Milliman’s MBW International counterpart, Barnett Waddingham, recently published a report focusing on the corporate pension funding status for plans in the United Kingdom. The report is comparable to the Milliman Pension Funding Study, which covers the 100 largest U.S. corporate plan sponsors. In this article, Milliman’s Zorast Wadia and Barnett Waddingham’s Andrew Vaughan and Lewys Curteis explore the similarities of the two reports.
Milliman today released the results of its 2018 Corporate Pension Funding Study (PFS), which analyzes the 100 largest U.S. corporate pension plans. Overall, this year’s study found that in 2017 corporate pension contributions hit $62 billion, tying the amount contributed in 2012 for the highest contributions since the inception of the PFS. Seventeen employers contributed at least $1 billion to their plans, with seven of them contributing more than $2 billion.
There were incentives to increase contributions in 2017. Additional contributions can both reduce the Pension Benefit Guaranty Corporation (PBGC) premiums paid by these plans, and allow them to leverage higher tax deductions in light of tax reform enacted at the end of 2017. It’s a trend that’s likely to flourish in 2018, as plan sponsors with calendar year plans can continue to leverage those higher 2017 tax deductions with contributions made prior to September 15 of this year.
The funded ratio for the Milliman 100 plans rose from 81.1% in 2016 to 86.0% in 2017, an increase due largely to strong investment returns coupled with a modest decline in life expectancy assumptions, and the higher level of plan contributions as noted above. Funding ratios for plans ranged from a low of 62.4% for American Airlines to a high of 155.0% for NextEra Energy, Inc.
Other key highlights from the 2018 study include:
Analysis of asset gains. Strong investment returns added $175 billion to the Milliman 100 plans, with a 12.7% rate of return (compared to an expected investment return of 6.8%). Pension assets for the Milliman 100 plans increased to an all-time high of $1.55 trillion.
Analysis of discount rate and pension liabilities. The median discount rate as of year-end 2017 declined to 3.60%, down 37 basis points from 3.97% the year before. Pension liabilities for the Milliman 100 plans increased to an all-time high of $1.80 trillion.
Pension Risk Transfer (PRT) market matures. The 2017 PRT activity for the Milliman 100 plans was slightly smaller than in 2016, with an estimated $12.7 billion in reported dollar volume.
To view the complete Pension Funding Study, click here. To receive regular updates of Milliman’s pension funding analysis, contact us here.
Data from Milliman’s 2017 Corporate Pension Funding Study was recently the focus of an interactive graphic in Pensions & Investments entitled, “Top plans surpass their targets” (subscription required).
Milliman has released the results of its 2017 Pension Funding Study, which analyzes the largest corporate pension plans sponsored by 100 U.S. public companies. In 2016, these pension plans experienced a $21.7 billion decrease in funded status, the result of a $54.0 billion increase in the projected benefit obligation (PBO) that was only partially offset by a $32.3 billion increase in the market value of plan assets. As a result, these Milliman 100 plans finished off the year with a funded ratio of 81.2%, down from 81.9% the year before. But the $21.7 billion deterioration and incremental drop in funded status mask a year that experienced volatility across the board for pension plans.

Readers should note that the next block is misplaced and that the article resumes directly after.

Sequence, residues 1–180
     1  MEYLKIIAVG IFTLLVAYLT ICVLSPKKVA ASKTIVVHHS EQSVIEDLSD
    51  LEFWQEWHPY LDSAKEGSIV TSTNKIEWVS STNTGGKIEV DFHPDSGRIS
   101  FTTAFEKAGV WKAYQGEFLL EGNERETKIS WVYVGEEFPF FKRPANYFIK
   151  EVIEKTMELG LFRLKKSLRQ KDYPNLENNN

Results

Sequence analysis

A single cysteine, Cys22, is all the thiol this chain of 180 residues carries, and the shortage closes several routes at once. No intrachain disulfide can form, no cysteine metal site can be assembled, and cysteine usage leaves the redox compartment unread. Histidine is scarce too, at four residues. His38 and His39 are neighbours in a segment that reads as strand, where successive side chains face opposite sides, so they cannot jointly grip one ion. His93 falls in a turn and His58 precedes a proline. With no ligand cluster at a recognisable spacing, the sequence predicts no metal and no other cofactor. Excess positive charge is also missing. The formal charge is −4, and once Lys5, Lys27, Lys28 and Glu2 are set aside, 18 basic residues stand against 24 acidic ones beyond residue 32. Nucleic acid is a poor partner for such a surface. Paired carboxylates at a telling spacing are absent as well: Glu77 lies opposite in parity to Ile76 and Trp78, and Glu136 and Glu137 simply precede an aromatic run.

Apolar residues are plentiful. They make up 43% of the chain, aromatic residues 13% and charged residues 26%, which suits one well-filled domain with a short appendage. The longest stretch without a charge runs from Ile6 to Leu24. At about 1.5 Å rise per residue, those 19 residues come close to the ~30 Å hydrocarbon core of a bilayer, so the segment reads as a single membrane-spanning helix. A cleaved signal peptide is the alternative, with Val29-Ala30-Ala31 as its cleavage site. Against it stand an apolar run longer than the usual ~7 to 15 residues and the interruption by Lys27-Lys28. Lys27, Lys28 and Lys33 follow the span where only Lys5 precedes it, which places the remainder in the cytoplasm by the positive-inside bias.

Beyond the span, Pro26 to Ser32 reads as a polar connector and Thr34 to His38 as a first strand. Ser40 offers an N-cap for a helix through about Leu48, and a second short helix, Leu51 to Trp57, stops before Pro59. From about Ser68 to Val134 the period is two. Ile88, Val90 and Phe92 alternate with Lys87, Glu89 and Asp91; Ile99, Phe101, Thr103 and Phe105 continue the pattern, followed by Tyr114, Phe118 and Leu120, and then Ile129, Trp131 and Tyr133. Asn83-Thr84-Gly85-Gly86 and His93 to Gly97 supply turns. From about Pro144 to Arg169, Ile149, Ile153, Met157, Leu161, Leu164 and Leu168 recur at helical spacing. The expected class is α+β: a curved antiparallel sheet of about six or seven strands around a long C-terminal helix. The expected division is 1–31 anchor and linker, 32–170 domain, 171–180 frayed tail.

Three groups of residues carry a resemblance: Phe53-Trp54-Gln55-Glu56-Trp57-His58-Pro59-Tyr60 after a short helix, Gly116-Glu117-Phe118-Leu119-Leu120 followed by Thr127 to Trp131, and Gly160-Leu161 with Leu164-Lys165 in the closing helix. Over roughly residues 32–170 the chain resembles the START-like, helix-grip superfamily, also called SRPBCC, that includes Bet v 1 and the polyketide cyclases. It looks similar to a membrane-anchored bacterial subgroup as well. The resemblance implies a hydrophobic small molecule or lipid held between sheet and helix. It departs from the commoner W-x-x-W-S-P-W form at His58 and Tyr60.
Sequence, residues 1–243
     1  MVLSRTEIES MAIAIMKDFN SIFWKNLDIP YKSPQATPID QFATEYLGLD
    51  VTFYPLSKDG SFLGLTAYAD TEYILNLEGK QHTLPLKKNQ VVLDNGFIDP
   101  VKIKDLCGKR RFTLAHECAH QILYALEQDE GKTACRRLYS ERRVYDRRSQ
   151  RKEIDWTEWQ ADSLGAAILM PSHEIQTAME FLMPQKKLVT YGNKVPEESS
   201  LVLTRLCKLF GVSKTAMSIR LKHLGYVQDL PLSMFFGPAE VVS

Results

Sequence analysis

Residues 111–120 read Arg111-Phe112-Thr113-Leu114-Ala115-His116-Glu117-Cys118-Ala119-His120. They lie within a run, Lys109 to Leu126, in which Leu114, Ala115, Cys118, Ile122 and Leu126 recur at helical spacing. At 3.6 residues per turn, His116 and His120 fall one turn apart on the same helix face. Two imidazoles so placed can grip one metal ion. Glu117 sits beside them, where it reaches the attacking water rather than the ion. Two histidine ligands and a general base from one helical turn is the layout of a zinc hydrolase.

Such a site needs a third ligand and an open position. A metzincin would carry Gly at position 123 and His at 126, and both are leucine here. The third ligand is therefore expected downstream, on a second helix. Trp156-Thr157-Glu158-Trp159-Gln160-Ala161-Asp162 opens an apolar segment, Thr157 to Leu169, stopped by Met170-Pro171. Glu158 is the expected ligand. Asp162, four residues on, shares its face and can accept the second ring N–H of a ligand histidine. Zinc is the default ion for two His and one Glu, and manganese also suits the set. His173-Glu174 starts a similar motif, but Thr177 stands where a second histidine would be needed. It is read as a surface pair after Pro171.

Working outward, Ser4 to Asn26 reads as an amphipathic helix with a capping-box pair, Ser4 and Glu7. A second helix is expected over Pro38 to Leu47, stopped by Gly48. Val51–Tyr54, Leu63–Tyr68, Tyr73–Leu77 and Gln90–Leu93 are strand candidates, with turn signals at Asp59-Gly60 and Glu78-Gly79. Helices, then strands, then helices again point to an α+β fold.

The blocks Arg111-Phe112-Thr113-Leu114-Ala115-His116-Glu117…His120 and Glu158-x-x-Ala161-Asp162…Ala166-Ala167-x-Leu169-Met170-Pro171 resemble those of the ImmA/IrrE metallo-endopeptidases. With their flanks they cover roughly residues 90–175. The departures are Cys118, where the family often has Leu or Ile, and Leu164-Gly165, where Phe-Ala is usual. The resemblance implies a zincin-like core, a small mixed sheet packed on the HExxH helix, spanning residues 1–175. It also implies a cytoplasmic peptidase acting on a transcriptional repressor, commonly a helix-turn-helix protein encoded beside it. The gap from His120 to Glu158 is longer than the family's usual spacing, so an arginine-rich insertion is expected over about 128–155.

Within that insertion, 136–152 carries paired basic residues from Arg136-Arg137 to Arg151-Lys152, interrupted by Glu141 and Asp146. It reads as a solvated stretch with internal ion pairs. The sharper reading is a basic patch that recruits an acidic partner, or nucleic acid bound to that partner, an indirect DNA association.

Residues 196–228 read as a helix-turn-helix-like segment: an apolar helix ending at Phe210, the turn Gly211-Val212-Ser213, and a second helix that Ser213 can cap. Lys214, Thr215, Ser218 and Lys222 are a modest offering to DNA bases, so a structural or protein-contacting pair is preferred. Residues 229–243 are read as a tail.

The last year was quite the tug-of-war for these pension plans. Investment performance exceeded expectations, with the 100 largest U.S. pensions experiencing returns of 8.4%—compare that with 0.8% the year prior. But the volatile interest rate environment saw the discount rate plummet by 30 basis points. In 2016, these dynamics resulted in a funded ratio that oscillated back and forth for most of the year before the postelection bump. The end result was a funded ratio of 81.2%—not that far off from where we’ve been at the end of 2015 and 2014.
Study highlights include:
Analysis of asset gains. The 8.4% investment returns experienced by these pension plans was well above the 7.0% return expectation set for 2016. Meanwhile employers’ 2016 plan contributions were up 38% from the year prior. One possible reason for the higher plan contributions is that they improve funded status, resulting in lower Pension Benefit Guaranty Corporation (PBGC) premium expenses.
Impact of updated mortality assumptions. Further decreases in future life expectancy for the second year in a row result in significant reductions in projected benefit obligation (PBO) for several Milliman 100 companies.
Use of spot rates increases by 24%. Forty-six of the largest 100 plan sponsor companies will consider recording the fiscal year 2017 pension expense using an accounting method change linked to the spot interest rates derived from yield curves of high-quality corporate bonds. The move to spot rates will result in pension expense savings.
Pension risk transfers continue. The estimated sum of pension risk transfers to insurance companies (“pension lift-outs”) and settlement payments increased from $11.6 billion in FY2015 to $13.6 billion in FY2016.
To view the Milliman Corporate Pension Funding Study, click here. To receive regular updates of Milliman’s pension funding analysis, contact us here.